Marshawn Lynch has been known to to be extremely private and has made an effort to steer clear of the media at all costs. The Seahawks running back was recently fined $100,000 for stiffing the media. Today, at a press conference held for Super Bowl Media Day, after answering all of his questions with the witty and downright hilarious response, “I’m just here so I won’t get fined” TheOnion.com wrote a story stating that Lynch surprised the crowd by giving a 45 minute speech about privacy in the 21st century. After reading the speech, I couldn’t help but wish it were true.
While increasingly exhaustive access to media has delivered many benefits to the American way of life, this same heightened scrutiny has simultaneously imposed progressively greater obstacles to our personal privacy, thus presenting ethical challenges unique to the internet age. Privacy versus accessibility; secrecy versus convenience; the individual versus the greater virtual communities of the digital landscape. At first blush, these appear to be the fundamental poles around which the modern privacy debate circles, but they have only grown more multifaceted and complex as the technological paradigm perpetually shifts. When meditating on the give-and-take of ever-evolving technology, I am often reminded of a quote from George Orwell: ‘Every generation imagines itself to be more intelligent than the one that went before it, and wiser than the one that comes after it.’
Could it be, in perhaps the ultimate irony, that with every technological advancement, with every marvel of engineering that seemingly brings us closer together and rips down the very walls that once divided the world, that with every such step forward, we have become ever more guarded about our own personal boundaries and the information we are comfortable sharing with one another? And in doing so, do we in fact chip away at the very core of what makes for a civilized society, and in an even broader sense, the very notion of being human? For to be human is inherently to be social, and yet it is also to desire control. With the public domain seemingly encompassing a greater and greater volume of personal information, that control has been ceded. The so-called right to privacy, as it were, is no longer a right inasmuch as it is now a privilege, to be enjoyed until it is torn away at a moment’s notice. Conversely, we so often desire to break down that same right to privacy of our fellow human beings, shielding ourselves while exposing others, just as a snake devours its own tail. Perhaps the biggest question of all is whether privacy itself—at least in the traditional sense—even exists in today’s world, or if it is simply a relic of a past time that bears no more meaning or significance than Aristotelian physics or the idea of a geocentric universe. Simple answers to such queries do not exist, I’m afraid, but in exploring them, we can at the very least hold a mirror to society and possibly even to ourselves—and that is something I hope to accomplish with all of you here today.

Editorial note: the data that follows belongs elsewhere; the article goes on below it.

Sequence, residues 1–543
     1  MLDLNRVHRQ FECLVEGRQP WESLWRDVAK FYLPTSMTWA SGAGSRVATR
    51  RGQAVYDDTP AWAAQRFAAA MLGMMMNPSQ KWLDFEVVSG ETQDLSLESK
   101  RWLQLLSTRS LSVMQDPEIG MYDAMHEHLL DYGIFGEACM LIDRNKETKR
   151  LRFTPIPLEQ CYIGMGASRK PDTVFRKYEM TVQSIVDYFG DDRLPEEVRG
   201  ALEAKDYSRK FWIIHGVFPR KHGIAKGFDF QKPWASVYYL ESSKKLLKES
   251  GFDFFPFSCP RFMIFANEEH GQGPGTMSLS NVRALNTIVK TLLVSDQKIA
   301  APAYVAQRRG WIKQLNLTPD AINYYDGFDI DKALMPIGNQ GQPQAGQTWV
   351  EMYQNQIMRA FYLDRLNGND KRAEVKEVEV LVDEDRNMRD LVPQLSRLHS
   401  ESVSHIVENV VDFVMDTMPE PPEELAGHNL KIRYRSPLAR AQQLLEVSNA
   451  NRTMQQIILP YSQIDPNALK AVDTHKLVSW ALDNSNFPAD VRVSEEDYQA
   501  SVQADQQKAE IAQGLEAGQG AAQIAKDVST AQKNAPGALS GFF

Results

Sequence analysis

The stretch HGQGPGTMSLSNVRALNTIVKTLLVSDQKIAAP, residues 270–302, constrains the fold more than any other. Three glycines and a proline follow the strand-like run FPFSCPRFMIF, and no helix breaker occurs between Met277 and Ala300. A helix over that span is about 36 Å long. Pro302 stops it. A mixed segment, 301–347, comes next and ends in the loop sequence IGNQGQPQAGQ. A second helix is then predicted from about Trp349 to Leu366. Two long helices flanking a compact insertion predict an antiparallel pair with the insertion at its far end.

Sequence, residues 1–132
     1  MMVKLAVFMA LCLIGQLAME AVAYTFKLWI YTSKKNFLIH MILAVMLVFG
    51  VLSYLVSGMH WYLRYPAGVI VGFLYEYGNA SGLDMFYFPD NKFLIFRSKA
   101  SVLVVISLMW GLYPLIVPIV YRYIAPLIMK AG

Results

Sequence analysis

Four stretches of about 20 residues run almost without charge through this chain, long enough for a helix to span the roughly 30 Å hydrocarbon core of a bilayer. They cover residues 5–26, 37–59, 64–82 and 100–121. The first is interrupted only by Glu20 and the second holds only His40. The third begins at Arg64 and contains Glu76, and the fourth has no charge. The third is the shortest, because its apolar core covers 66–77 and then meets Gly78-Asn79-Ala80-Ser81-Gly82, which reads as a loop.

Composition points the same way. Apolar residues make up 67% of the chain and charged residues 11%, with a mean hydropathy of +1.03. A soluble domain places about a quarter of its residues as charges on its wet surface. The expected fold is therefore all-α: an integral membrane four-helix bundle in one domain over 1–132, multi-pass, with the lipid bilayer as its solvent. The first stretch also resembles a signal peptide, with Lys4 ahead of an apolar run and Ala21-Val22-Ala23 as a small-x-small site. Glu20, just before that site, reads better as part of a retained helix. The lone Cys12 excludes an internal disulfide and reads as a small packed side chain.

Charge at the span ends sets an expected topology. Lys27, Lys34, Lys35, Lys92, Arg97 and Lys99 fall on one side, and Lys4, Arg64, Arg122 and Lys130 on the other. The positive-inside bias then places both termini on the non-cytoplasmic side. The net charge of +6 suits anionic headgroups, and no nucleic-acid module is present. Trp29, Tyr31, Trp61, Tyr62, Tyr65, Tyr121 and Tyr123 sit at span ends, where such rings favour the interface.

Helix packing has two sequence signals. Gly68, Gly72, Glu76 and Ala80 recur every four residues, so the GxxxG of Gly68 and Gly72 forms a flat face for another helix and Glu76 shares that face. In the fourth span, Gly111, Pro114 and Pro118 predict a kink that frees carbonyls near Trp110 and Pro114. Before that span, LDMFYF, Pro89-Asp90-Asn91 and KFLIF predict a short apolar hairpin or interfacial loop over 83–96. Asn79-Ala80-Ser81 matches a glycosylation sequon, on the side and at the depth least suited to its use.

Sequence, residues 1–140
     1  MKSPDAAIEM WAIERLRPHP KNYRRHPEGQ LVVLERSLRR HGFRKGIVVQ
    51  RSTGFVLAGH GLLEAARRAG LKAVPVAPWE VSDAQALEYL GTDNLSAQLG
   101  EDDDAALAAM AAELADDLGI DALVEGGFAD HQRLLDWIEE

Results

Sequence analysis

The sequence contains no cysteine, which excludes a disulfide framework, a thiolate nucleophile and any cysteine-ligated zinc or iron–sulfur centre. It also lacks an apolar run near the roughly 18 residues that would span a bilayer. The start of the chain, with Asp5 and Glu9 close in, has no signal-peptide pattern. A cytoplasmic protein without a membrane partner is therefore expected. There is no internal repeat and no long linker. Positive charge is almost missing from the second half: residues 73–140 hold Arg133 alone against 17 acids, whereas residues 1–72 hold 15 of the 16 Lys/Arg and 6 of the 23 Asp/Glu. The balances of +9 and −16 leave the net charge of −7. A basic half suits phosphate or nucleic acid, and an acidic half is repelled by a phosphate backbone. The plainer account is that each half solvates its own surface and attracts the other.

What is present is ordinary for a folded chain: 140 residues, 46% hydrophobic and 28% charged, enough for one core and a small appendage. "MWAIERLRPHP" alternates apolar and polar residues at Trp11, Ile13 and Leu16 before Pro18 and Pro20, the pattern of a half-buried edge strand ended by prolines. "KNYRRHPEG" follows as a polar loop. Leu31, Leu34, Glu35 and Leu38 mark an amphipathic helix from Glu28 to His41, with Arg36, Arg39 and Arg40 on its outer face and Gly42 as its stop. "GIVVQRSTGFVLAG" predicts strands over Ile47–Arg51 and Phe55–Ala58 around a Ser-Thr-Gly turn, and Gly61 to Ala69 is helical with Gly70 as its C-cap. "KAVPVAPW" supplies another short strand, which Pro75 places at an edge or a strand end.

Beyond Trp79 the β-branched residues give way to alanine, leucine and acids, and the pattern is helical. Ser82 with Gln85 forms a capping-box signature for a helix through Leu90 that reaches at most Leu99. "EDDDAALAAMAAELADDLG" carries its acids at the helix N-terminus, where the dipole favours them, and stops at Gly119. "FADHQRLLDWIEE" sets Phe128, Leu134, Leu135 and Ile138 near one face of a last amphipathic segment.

How can you not respect this? Maybe this is EXACTLY how Marshawn really feels. And if so, the guy is right. And he absolutely has the right to not answer any questions if he chooses not to! As long as he’s handling his business on the field, why does it matter?